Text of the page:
• 30 Dec 2018 22:33
    Reply # 6977201 on 6976845
    David wrote:
    Len wrote: As an exercise in thought, I would be inclined to assemble the hull panels ahead of time and apply in one piece as giving the fairest curves unless I was doing two layers in which case the second layer could act as a butt block and I would install piece at a time.

    Fair curves are still possible with the panels added in pieces. But thin plywood doesn't lay in a fair curve over frames alone. There's nothing that identifies an amateur-built boat more than wobbly chines, and although it's easy enough to adjust them in a dinghy before filleting, it's harder in this size of boat.



    I'm sorry, I have been reading BBBB too much :) I think G Buelhler would probably not go less than 1/2inch for a dingy and a 7 metre boat he would use over 25mm (over an inch) thickness. So I was thinking two layers of 9 to 11 mm ply. I agree 9mm is about as thin as one can get and get fair curves. For this kind of build avoiding double layering is the right way to go. (and considering the abuse our almost 20year old hull with 9mm unsupported ply has gone through 9mm is probably fine)
  • 30 Dec 2018 20:21
    Reply # 6977088 on 6010674

    Another way to do the chines is to put a light stringer on edge about 50mm either side of the actual chine position. After the ply panels either side of the chine have been fitted, the chine edge is rounded over and several layers of fiberglass tape are applied along the exterior length of the chine.  After the hull is turned upright the valley between the two chine stringers receives a heavy layup of fiberglass. Thus the actual chine corner itself is mostly fiberglass. This is a way to create a chine without needing to use a heavy timber chine stringer. The frames or bulkheads need to be no more than about a meter apart in order to maintain a fair curve for the chine.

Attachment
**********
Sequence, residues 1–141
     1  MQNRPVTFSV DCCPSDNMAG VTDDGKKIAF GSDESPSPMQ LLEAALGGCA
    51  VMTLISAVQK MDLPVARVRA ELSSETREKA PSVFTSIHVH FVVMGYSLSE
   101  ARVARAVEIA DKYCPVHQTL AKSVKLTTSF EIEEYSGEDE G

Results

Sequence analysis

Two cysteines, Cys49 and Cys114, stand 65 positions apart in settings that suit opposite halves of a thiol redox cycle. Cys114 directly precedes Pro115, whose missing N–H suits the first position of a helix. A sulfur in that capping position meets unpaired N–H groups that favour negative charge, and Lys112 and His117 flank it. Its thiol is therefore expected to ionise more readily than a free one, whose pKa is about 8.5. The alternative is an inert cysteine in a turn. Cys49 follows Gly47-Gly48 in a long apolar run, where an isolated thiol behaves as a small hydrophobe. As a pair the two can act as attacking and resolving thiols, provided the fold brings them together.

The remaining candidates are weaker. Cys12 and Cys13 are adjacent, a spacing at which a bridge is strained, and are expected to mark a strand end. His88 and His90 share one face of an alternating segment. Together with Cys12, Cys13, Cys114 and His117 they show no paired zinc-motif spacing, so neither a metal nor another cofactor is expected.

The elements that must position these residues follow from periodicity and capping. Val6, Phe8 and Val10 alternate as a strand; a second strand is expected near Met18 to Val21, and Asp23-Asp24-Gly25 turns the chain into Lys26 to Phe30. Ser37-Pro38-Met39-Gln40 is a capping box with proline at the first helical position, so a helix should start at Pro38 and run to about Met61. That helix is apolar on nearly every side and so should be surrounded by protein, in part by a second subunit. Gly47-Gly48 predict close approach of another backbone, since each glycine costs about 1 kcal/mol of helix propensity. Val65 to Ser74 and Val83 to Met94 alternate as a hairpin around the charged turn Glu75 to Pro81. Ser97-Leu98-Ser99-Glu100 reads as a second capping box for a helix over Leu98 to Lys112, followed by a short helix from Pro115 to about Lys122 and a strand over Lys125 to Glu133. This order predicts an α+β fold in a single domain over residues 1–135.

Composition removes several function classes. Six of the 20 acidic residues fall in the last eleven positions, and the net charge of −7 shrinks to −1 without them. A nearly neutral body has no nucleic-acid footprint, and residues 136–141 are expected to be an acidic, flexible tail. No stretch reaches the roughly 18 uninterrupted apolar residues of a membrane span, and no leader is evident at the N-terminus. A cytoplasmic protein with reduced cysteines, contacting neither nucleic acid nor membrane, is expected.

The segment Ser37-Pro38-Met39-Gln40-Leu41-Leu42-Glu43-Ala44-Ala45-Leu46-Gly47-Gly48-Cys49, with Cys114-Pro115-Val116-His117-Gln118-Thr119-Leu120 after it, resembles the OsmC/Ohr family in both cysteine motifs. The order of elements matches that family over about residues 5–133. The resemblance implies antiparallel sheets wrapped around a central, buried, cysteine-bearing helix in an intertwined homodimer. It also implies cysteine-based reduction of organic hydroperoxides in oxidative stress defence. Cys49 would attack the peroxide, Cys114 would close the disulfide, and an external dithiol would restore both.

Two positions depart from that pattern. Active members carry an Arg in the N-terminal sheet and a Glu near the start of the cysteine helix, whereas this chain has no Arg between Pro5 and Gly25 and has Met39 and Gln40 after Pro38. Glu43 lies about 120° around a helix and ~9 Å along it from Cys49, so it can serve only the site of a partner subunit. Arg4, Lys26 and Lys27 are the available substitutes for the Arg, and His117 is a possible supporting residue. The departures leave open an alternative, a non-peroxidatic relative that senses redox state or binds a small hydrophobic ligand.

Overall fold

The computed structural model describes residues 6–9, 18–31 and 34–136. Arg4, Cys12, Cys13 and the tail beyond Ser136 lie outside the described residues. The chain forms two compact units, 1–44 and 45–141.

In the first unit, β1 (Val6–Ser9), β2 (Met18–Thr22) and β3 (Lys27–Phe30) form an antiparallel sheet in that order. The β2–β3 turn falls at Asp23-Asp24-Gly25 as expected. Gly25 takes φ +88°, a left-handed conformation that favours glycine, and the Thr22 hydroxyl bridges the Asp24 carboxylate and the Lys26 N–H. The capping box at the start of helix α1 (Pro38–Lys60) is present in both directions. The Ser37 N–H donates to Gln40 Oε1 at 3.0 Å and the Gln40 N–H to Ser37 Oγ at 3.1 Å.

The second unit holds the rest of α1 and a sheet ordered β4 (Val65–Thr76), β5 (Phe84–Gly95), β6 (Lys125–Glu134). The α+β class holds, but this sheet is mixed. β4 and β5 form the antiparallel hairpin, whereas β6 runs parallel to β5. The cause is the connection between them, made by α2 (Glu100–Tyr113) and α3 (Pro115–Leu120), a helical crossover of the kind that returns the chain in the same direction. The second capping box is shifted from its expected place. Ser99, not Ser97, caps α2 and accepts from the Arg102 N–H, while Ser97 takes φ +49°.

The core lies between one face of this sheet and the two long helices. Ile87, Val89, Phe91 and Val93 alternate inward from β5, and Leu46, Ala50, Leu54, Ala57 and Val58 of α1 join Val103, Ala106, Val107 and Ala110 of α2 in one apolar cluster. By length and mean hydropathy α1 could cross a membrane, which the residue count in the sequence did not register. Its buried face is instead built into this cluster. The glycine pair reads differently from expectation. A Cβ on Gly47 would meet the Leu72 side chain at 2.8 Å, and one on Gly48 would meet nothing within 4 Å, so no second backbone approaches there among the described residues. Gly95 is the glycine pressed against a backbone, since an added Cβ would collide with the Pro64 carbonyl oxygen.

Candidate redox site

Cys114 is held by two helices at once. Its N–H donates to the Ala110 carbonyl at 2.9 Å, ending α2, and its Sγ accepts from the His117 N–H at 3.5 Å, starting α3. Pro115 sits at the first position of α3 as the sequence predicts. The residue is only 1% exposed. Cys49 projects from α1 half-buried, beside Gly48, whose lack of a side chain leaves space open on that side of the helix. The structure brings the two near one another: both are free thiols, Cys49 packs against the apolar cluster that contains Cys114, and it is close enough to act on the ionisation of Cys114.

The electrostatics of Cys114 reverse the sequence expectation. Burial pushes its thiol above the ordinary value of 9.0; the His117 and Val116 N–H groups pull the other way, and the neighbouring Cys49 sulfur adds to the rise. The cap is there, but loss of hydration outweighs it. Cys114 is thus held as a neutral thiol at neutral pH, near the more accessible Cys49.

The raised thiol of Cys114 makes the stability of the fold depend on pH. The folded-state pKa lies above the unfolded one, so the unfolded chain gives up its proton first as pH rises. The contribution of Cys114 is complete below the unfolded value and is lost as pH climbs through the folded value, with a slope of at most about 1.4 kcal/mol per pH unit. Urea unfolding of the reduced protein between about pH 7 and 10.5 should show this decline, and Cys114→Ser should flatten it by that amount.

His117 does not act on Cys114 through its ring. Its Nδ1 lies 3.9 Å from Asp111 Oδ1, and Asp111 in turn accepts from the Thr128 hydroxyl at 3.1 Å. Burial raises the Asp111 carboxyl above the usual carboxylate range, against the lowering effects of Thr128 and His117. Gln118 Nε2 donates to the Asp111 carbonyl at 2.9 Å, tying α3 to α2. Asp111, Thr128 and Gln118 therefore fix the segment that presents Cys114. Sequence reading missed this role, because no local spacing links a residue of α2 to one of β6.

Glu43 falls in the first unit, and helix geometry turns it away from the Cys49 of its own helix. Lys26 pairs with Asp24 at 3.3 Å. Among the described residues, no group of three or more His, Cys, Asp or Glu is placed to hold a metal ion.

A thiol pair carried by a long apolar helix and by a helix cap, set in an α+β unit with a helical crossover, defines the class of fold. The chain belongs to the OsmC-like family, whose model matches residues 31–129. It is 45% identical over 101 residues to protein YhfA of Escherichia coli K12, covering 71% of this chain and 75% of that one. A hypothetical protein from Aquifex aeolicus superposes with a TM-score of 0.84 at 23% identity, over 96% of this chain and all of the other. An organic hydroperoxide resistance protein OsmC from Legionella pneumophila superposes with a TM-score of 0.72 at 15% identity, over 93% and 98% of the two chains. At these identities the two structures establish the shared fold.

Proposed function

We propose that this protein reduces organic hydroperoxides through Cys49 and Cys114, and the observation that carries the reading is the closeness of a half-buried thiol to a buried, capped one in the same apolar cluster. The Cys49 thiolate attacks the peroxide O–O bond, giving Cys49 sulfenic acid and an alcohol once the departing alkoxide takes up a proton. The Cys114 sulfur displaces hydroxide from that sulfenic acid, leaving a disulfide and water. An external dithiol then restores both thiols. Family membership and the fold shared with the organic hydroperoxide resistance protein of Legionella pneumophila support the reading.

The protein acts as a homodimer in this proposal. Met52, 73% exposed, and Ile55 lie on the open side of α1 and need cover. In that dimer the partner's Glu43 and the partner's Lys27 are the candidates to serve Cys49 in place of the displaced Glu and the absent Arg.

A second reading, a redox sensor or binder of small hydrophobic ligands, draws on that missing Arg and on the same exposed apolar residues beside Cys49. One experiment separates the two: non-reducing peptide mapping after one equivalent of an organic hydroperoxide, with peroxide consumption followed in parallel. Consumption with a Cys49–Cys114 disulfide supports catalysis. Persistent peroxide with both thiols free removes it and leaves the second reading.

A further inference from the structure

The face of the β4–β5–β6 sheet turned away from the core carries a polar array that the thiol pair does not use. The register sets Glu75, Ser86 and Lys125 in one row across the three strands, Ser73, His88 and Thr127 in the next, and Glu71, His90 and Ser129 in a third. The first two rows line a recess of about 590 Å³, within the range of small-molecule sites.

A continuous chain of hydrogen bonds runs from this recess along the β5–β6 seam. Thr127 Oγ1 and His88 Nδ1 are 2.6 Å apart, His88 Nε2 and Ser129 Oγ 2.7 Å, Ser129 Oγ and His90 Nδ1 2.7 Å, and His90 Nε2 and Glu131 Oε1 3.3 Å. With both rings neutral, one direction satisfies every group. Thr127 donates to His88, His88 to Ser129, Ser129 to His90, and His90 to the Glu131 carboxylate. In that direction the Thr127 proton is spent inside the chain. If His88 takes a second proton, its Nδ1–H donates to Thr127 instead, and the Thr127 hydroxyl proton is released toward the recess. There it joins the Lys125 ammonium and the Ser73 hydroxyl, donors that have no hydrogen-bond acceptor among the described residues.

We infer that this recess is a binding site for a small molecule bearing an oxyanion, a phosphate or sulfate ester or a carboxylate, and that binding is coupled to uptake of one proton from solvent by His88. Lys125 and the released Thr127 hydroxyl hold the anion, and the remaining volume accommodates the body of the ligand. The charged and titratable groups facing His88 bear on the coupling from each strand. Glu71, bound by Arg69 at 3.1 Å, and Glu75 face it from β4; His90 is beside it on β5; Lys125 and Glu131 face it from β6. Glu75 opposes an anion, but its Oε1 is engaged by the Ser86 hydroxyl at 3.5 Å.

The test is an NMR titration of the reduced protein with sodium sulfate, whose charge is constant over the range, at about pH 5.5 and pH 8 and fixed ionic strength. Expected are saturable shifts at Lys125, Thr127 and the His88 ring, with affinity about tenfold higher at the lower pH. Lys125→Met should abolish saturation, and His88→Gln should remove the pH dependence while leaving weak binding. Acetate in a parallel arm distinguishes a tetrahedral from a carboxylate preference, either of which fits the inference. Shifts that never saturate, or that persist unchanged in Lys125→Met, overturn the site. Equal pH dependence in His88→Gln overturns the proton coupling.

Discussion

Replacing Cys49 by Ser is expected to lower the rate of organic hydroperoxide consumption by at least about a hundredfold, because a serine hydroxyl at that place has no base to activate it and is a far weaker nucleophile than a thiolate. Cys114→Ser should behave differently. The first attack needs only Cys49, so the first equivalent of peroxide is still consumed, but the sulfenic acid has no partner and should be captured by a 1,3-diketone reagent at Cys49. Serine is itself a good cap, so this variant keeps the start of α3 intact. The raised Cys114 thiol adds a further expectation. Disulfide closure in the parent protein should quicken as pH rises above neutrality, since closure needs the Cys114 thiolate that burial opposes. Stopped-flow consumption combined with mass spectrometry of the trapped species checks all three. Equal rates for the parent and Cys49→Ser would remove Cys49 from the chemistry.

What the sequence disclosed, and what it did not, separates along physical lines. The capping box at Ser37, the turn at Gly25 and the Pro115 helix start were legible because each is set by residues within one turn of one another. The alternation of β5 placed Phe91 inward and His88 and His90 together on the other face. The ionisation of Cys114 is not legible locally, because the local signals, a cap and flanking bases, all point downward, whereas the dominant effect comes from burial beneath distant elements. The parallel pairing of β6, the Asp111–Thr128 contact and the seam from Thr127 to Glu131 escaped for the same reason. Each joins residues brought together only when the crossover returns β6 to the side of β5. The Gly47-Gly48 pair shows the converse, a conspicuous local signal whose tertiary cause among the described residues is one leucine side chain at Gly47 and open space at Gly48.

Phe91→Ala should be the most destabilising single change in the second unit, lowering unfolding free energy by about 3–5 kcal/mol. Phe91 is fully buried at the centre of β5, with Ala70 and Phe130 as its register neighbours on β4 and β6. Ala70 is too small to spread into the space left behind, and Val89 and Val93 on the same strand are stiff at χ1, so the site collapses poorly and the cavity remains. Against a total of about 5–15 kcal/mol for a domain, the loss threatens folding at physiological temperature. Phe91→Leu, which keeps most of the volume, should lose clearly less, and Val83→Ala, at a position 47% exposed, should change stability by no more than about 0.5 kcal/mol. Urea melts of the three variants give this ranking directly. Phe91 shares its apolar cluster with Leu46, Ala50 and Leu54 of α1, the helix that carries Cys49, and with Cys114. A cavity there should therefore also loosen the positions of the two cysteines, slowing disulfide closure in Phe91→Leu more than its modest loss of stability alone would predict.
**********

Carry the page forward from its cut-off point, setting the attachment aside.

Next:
• 30 Dec 2018 15:07
    Reply # 6976845 on 6976596
    Len wrote: As an exercise in thought, I would be inclined to assemble the hull panels ahead of time and apply in one piece as giving the fairest curves unless I was doing two layers in which case the second layer could act as a butt block and I would install piece at a time.

    Fair curves are still possible with the panels added in pieces. But thin plywood doesn't lay in a fair curve over frames alone. There's nothing that identifies an amateur-built boat more than wobbly chines, and although it's easy enough to adjust them in a dinghy before filleting, it's harder in this size of boat.

    Having read the G bros. epoxy guide, I might be inclined to use puzzle joints (also looking at the RM Yachts build) because they should be quicker and I suspect no weaker than scarphs. 

    Using them in practice might indicate to you that though they are quicker than scarphs because you don't have to cut them, you lose that in extra cleaning up time. Both scarphs and puzzle joints need great care to clamp them flat with a stiff strongback. I would use butt joints for adding the hull panels one sheet at a time.